MetroHealth Heart & Vascular Center
Abnormal Heart Rhythms
Long QT Syndrome
What is Congenital Long QT Syndrome (LQTS)?
It is a genetic disorder that can cause symptoms of fainting or sudden death regardless of age. In many patients, LQTS is detected as an abnormal electrocardiogram (ECG or EKG) where the length of the actual QT interval appears to be longer than that of a QT interval on a normal ECG.
What Causes LQTS?
• After each heartbeat, the heart recovers electrically and prepares itself for the next beat through what is known as repolarization.
• This process relies on the normal function of multiple ion channels in the heart muscle.
• Congenital LQTS is linked to mutations of certain genes that encode for these ion channels and leads to their abnormal function.
• Thus, patients with congenital LQTS have a prolonged repolarization stage, or QT interval.
• This can lead to a life-threatening heart rhythm called Torsades de Pointes and sudden cardiac death.
What are the Symptoms?
• Some patients with LQTS have no symptoms..
• Others experience episodes of dizziness, fainting (also known as syncope), and/or seizures.
• These symptoms often occur in childhood, adolescence and early adulthood.
In many cases, patients who are at risk of sudden cardiac death have a history of fainting spells. Unfortunately, sudden death can occur as the first symptom of LQTS so it is important that anyone with a family history of LQTS (or unexplained sudden death at a young age) be screened and treated appropriately.
What Triggers Symptoms in LQTS?
Some circumstances may trigger LQTS symptoms such as:
• Increased physical activity (especially swimming)
• Emotional distress (crying, anger, or anxiety)
• Sudden and loud noises.
However, some patients experinece symptoms at rest or during sleep. Certain medications may prolong the QT interval and should be avoided by patients with LQTS or a family history of LQTS symptoms.
How Do I Know if I Have LQTS?
• If you have unexplained fainting episodes or seizures, a family history of unexplained sudden death at a young age, or LQTS runs in your family, you might have LQTS.
• An ECG will often show the prolonged QT interval.
• Some patients with LQTS have a normal or borderline QT interval on an ECG performed at rest and may require additional tests for diagnosis, such as the ECG with stress test (administered on a treadmill) and/or a 24-hour Holter monitor.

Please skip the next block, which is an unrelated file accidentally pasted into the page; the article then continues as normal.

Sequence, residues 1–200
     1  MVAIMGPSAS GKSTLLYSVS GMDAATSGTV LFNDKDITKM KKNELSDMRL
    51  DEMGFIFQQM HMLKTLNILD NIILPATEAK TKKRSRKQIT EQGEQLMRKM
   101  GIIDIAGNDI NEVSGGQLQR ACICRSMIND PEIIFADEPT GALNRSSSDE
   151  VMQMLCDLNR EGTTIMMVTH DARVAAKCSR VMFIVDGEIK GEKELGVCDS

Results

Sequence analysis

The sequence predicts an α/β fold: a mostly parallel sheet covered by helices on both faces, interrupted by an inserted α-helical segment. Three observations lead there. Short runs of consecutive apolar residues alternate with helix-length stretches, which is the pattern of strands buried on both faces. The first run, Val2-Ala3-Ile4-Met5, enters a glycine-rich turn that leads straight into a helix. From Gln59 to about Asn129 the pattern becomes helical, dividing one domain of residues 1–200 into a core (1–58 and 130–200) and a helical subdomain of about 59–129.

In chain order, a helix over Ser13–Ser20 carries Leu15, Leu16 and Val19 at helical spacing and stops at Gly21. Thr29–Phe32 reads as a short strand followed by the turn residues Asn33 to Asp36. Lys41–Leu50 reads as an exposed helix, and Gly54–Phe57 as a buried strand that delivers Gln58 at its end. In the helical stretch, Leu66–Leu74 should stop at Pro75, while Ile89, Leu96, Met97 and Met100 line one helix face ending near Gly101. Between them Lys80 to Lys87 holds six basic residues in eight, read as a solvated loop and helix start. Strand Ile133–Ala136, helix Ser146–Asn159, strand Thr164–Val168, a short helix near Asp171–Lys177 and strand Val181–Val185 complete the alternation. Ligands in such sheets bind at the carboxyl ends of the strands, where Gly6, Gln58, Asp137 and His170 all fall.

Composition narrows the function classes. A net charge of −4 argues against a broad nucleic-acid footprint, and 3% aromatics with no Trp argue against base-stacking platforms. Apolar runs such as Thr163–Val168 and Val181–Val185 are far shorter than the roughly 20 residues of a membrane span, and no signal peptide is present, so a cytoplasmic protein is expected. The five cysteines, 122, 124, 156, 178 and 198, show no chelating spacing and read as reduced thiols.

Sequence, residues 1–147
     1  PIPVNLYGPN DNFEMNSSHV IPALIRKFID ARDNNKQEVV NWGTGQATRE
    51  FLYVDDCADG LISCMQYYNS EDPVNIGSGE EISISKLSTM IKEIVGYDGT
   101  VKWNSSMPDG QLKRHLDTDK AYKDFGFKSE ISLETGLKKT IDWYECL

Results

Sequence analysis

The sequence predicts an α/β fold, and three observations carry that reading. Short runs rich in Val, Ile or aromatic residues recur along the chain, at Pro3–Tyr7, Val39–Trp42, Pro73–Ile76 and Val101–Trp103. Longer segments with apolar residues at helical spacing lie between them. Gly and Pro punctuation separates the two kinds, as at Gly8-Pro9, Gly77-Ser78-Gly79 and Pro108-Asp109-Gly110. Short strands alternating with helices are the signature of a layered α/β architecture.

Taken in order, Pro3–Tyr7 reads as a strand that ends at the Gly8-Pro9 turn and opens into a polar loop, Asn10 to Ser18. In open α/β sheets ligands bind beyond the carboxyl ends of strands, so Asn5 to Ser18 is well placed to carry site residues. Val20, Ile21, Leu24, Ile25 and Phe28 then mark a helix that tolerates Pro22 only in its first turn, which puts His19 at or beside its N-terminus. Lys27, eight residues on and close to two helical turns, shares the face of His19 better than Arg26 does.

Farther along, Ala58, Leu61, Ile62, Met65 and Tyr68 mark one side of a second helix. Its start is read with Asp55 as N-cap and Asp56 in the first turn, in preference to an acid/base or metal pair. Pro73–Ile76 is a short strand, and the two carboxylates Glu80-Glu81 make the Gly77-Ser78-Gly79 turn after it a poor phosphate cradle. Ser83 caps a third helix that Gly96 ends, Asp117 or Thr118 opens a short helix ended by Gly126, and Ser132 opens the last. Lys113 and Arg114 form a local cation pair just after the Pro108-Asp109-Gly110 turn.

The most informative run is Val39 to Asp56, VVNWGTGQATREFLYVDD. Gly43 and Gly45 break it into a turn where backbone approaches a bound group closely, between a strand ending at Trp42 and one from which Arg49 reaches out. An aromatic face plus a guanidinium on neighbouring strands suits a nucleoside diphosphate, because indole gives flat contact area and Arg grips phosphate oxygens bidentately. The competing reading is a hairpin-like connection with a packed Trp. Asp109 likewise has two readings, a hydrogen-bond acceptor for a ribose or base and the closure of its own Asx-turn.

Is There Treatment Available?
Treatment is available and may include
• Beta-blocker medications which substantially reduces the risk of fainting and sudden death. These medications must be taken daily.
• Patients who have experienced high-risk signs of LQTS such as cardiac arrest, or fainting in spite of beta blocker use, may be advised additional treatment such as an implantable defibrillator or pacemaker .
Medications to Avoid if You Have LQTS
Certain medications may prolong the QT interval and should be avoided by patients with LQTS or a family history of LQTS symptoms.
A regularly updated list of medications can be retrieved at www.qtdrugs.com
Talk to your doctor about any medications you are currently taking that appear on this list.
Genetic Basis of LQTS
After each heartbeat, the heart recovers electrically and prepares itself for the next beat through what is known as repolarization. This process relies on the normal function of multiple ion channels in the cells of the heart muscle. These channels are pores or tiny openings that allow for the passage of certain ions like sodium or potassium.
There are specific genes in the body that lead to the development of the ion channels. Congenital LQTS is linked to mutations of these genes and leads to their abnormal function. The electrical activity of the heart becomes disturbed and requires a longer time to recover. Thus, patients with congenital LQTS have a prolonged repolarization stage, or QT interval.
Scientific discoveries dating back to the 1990s have identified specific genes that encode the ion channels in the cells of the heart muscle. Although progress is being made, there are still many patients and families with LQTS for whom no mutation has been found. There are almost certainly other LQTS genes that have not yet been discovered.
Familial Heart Rhythm Center
Explore the the Familial Heart Rhythm Center to learn more about the genetic basis of LQTS and currently Recognized LQTS Syndromes and to contact center director Dr. Elizabeth Kaufman.